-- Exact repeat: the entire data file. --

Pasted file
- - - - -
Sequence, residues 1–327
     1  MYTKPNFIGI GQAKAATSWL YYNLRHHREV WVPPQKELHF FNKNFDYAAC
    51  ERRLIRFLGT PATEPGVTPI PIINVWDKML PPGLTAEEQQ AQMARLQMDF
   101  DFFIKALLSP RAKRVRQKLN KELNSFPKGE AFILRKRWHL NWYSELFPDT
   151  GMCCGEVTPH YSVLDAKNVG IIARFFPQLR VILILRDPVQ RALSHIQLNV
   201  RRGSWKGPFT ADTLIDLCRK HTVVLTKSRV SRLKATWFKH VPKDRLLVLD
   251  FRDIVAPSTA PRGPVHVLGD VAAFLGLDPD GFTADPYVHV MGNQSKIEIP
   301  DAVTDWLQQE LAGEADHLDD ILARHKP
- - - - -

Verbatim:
Sequence, residues 1–327
     1  MYTKPNFIGI GQAKAATSWL YYNLRHHREV WVPPQKELHF FNKNFDYAAC
    51  ERRLIRFLGT PATEPGVTPI PIINVWDKML PPGLTAEEQQ AQMARLQMDF
   101  DFFIKALLSP RAKRVRQKLN KELNSFPKGE AFILRKRWHL NWYSELFPDT
   151  GMCCGEVTPH YSVLDAKNVG IIARFFPQLR VILILRDPVQ RALSHIQLNV
   201  RRGSWKGPFT ADTLIDLCRK HTVVLTKSRV SRLKATWFKH VPKDRLLVLD
   251  FRDIVAPSTA PRGPVHVLGD VAAFLGLDPD GFTADPYVHV MGNQSKIEIP
   301  DAVTDWLQQE LAGEADHLDD ILARHKP